EU Aid: where development goes to die

The Telegraph has a great piece lambasting the spending of the European Development Fund, an entity “managed by the notoriously spendthrift EuropeAid and has – it is fair to say – not covered itself in glory.”

Here are some of the projects that European tax money supported:

“Officials at the EDF have somehow contrived to spend thousands of pounds on trapeze lessons, a study on the development of the Pacific Coconut, flying a gamut of officials from across Oceania to a renewable energy conference in Aruba (no, really), supporting the work of the EU’s press operation in Jamaica, and a study into the ‘youth perceptions, attitudes and views towards EU development policy’ in Zimbabwe.”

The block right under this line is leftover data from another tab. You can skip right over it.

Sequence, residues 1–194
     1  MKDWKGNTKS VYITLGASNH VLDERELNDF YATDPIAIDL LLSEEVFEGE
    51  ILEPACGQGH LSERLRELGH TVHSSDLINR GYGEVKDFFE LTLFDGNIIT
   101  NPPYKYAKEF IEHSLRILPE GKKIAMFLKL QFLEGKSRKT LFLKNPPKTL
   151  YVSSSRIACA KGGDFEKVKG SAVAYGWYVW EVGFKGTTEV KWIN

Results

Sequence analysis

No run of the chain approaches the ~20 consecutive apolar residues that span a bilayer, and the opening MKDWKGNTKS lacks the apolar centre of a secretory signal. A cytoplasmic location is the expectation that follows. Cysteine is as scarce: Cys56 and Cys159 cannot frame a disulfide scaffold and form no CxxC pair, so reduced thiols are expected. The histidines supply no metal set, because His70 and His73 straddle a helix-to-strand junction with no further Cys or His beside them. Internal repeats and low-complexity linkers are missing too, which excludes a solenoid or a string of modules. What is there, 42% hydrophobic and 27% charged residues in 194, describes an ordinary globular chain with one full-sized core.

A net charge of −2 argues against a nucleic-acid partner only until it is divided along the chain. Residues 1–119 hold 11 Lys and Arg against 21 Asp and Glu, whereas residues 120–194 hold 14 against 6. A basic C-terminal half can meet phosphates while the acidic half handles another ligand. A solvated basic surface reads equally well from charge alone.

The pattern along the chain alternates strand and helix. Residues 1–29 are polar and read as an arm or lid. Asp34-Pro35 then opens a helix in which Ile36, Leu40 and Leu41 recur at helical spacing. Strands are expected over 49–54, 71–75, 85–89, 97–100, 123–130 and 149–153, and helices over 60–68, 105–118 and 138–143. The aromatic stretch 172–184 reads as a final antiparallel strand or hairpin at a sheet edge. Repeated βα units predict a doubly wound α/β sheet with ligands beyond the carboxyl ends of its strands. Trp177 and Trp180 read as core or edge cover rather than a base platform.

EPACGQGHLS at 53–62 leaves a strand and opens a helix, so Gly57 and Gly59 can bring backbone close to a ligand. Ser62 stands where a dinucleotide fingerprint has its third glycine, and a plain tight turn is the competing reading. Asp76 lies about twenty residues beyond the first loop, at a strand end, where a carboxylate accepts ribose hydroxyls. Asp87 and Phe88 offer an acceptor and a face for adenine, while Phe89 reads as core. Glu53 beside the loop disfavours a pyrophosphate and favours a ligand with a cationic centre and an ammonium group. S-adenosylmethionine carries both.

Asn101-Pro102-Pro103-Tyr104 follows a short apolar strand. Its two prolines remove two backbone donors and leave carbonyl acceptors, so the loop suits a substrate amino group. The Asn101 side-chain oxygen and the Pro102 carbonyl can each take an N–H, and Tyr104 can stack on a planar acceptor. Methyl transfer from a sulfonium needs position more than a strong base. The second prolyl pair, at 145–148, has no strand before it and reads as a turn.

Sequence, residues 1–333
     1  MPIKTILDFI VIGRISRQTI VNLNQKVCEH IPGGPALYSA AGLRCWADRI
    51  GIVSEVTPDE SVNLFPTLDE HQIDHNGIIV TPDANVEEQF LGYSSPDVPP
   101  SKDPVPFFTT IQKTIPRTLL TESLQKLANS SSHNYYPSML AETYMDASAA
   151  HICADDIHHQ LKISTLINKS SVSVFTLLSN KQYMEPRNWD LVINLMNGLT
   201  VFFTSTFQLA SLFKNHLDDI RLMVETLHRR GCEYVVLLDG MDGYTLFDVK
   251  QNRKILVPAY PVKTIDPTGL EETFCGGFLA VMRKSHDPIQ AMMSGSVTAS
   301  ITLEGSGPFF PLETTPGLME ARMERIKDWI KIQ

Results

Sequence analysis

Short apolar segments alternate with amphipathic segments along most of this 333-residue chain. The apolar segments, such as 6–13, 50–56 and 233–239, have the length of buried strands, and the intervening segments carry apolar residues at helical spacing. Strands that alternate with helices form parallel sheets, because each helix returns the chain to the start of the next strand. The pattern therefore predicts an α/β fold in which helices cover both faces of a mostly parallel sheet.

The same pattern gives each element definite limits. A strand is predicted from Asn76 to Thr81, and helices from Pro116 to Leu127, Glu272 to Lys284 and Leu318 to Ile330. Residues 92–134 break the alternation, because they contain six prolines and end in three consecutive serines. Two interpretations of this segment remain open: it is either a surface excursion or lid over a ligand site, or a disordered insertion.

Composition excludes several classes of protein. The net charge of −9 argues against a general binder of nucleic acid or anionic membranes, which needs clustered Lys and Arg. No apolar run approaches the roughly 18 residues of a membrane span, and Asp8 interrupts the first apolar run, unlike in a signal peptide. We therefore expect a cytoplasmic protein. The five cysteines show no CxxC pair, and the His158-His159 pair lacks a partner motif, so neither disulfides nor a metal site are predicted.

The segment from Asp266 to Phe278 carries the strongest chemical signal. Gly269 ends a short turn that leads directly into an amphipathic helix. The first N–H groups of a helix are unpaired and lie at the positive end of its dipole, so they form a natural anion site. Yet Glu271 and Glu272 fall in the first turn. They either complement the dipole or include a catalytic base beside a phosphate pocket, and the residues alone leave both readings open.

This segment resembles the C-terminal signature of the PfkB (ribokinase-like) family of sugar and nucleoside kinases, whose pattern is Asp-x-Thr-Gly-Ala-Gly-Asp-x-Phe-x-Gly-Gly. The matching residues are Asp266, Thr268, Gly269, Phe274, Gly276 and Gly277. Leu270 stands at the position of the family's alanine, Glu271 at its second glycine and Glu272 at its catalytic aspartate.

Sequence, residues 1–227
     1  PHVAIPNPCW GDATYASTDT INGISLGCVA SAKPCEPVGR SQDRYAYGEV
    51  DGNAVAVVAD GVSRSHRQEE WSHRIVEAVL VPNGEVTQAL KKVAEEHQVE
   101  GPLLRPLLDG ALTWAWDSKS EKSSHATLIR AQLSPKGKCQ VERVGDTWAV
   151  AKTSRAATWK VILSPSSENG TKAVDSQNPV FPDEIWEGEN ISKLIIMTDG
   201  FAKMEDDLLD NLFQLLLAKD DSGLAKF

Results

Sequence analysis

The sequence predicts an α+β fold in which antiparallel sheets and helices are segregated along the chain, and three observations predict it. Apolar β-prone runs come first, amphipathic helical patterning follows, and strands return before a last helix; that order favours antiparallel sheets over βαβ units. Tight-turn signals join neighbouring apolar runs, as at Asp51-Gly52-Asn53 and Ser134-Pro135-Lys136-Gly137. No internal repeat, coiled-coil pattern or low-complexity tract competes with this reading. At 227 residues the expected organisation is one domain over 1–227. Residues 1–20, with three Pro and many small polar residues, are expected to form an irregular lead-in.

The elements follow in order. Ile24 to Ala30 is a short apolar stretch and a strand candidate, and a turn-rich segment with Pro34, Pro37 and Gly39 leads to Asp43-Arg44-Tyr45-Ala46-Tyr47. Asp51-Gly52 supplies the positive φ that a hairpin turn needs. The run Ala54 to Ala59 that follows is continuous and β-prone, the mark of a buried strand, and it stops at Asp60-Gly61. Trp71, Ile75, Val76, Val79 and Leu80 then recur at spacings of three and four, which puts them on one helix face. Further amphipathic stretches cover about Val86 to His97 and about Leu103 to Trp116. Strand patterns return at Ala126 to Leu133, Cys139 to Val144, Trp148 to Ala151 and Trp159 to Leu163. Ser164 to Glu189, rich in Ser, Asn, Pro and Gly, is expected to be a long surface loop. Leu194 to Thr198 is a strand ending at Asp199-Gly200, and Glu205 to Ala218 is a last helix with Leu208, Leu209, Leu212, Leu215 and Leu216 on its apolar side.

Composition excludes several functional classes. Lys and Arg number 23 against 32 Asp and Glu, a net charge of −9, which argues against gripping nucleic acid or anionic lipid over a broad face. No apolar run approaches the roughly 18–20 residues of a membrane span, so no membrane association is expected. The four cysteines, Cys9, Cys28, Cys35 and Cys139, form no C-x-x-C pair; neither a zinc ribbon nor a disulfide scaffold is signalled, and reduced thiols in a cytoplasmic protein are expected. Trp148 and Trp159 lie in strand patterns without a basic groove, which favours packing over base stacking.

Well, at least the last study on the list seems vital.  Pushing back the frontiers of science…


Great Britain has also done its fair share of funding questionable aid projects. Here are some of my favorites:

  1. “£13,500 on measuring the carbon footprint of the Dakar off-road rally in Bolivia
  2. £4,757 to promote Moldova fashion industry
  3. £970 to promote ‘safe and responsible use of Facebook’
  4. £6,000.72 on anti-littering campaign in Jordan
  5. £3,400 to help find female mates for endangered fish in Madagascar”

Obviously not huge sums of money,  but it does make you wonder how well they are spending the rest of their budgets.  The Telegraph article is titled “Britain spends on foreign aid like a drunk at closing time” and notes that “in a Government supposedly wracked by austerity, officials at the Department for International Development (Dfid) had to spend £3.7 billion in just eight weeks.”